Fed sees it surge strongly to 5%, triggering a global recession

Economists polled by Bloomberg said, in a Bloomberg survey, that Fed officials will maintain their hawkish stance firmly next week, paving the way for interest rates as high as 5% by March 2023, moves that are likely to lead to a US and global economic recession. .

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The survey found that the Federal Open Market Committee will raise interest rates by 75 basis points for the fourth consecutive meeting when policy makers announce their decision at 2 p.m. in Washington on Wednesday.

Officials got additional reason to continue the path when US government data on Friday showed employment costs rose at a steady pace in the third quarter and that the central bank’s preferred inflation measure was still well above its 2% target.

Rates in the survey are expected to rise by another half a point in December, and then by a quarter point in the following two meetings. The Fed’s forecasts released at the September meeting showed rates as high as 4.4% this year and 4.6% next year, before cuts in 2024.

Economists are of the view that the Fed is determined not to pivot too soon as it fights inflation at a 40-year high. The shift to a higher peak rate will reflect consumer price growth, excluding food and energy, which has come in much hotter than expected over the past two months. The poll of 40 economists was conducted from October 21 to 26.

“Inflation pressures remain severe, and the Fed is set to rise by 75 basis points in November,” James Knightley, chief international economist at ING Groep NV, said in response to the survey. December given the weak economic and market background, “but risks are skewed towards a fifth increase of 75 basis points,” he said.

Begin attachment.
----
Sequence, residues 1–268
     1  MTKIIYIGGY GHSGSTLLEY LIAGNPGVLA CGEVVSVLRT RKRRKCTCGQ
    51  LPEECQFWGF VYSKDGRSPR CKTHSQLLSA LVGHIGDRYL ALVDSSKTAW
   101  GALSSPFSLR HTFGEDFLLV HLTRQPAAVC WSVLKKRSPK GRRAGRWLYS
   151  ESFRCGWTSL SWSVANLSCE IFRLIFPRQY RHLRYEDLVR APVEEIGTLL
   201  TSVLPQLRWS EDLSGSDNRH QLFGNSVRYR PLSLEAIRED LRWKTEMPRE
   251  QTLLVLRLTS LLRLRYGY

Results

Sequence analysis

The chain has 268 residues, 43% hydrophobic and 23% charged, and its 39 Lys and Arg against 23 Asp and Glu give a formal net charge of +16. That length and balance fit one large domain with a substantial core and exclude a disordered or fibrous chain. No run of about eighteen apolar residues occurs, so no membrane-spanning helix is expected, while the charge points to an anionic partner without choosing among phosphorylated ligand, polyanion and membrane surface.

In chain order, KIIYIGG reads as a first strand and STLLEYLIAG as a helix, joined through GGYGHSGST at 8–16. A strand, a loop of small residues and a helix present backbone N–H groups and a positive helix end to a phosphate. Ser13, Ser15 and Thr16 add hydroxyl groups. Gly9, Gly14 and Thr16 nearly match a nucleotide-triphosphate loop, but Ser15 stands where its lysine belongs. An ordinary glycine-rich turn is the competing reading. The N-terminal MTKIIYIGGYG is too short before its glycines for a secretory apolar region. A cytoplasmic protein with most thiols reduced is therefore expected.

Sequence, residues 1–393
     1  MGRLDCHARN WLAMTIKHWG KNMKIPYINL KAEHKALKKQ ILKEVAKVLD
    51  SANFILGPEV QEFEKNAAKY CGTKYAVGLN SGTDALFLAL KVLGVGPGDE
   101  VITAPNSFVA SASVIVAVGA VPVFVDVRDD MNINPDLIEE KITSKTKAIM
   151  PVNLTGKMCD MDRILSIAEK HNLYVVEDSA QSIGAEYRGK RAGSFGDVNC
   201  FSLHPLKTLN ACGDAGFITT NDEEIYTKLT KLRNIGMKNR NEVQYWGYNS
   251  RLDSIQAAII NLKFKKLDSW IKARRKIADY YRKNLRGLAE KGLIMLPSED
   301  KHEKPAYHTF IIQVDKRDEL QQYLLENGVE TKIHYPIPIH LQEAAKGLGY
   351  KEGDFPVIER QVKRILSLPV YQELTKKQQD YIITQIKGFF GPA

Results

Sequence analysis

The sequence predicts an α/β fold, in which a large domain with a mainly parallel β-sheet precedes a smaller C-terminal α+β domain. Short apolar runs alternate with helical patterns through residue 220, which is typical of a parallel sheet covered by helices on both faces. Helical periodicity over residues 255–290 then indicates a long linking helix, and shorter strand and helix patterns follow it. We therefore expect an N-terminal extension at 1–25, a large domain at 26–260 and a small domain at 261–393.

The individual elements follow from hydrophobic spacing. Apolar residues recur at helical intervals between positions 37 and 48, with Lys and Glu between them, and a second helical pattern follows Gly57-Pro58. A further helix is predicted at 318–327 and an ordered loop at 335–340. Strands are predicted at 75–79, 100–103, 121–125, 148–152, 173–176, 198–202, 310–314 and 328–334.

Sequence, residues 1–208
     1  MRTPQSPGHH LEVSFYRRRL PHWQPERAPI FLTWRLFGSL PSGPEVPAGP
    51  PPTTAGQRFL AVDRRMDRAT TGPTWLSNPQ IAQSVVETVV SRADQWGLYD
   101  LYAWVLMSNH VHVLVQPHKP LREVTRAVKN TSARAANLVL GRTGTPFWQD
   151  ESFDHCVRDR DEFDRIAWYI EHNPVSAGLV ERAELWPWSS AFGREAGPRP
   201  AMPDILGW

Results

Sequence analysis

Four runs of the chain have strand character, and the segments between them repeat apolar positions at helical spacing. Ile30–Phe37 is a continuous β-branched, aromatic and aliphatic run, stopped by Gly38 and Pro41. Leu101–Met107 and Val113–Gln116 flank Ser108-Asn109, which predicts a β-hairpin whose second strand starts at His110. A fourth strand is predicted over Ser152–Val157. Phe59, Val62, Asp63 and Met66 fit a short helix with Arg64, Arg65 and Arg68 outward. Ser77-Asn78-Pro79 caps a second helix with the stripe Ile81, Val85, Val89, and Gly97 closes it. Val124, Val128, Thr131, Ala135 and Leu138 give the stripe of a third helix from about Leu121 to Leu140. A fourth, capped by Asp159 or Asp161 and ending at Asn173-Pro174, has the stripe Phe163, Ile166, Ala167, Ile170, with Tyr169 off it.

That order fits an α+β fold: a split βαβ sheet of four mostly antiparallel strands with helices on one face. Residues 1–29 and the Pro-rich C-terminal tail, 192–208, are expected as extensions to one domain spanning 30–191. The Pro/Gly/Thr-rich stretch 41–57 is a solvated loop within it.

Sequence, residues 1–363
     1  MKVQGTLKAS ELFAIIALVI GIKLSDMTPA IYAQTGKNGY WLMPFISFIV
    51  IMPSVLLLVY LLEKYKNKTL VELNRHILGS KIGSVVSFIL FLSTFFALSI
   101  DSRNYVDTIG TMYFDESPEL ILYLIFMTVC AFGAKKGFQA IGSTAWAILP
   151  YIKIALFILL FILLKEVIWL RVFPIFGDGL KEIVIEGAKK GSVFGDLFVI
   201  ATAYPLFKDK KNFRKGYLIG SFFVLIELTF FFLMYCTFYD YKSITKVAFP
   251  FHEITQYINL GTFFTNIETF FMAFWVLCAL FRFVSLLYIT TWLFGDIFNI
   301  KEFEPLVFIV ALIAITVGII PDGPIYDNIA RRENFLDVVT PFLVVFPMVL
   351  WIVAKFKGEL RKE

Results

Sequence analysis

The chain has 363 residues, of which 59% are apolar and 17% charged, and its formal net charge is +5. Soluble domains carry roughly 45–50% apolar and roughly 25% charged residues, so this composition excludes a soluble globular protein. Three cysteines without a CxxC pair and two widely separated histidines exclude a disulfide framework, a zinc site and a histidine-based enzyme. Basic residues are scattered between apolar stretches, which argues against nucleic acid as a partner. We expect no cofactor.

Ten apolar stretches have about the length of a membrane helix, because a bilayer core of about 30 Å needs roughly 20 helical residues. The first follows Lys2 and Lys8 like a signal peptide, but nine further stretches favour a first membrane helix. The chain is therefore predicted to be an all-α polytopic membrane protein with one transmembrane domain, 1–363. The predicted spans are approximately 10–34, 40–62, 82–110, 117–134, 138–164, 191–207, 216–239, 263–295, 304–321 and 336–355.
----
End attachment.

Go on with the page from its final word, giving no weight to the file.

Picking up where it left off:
Federal Reserve Chairman Jerome Powell said the central bank was deeply committed to restoring price stability and repeatedly cited his predecessor Paul Volcker, who raised interest rates to unprecedented levels to counter inflation in the early 1980s. Powell warned that the process will be painful, because the goal is to engineer sub-trend growth to reduce price pressures and unemployment will rise as a result.

Powell and his colleagues have not lost hope that they can achieve a smooth landing for the economy. But for the first time in opinion polls ahead of the FOMC meeting, a majority of economists – three-quarters – see a possible recession over the next two years, and most of the rest see a hard landing with a zero period. or negative growth in the future.

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“I think the most important thing to watch is how Powell communicates a potential downward shift in the pace of rate hikes. He will want to avoid giving the impression that pivots are imminent, particularly when core inflation is still strong. He will prepare the markets for a 50 basis point hike in December but will also be accompanied by a point chart, which shows an interest rate of 5%.

Anna Wong, Chief American Economist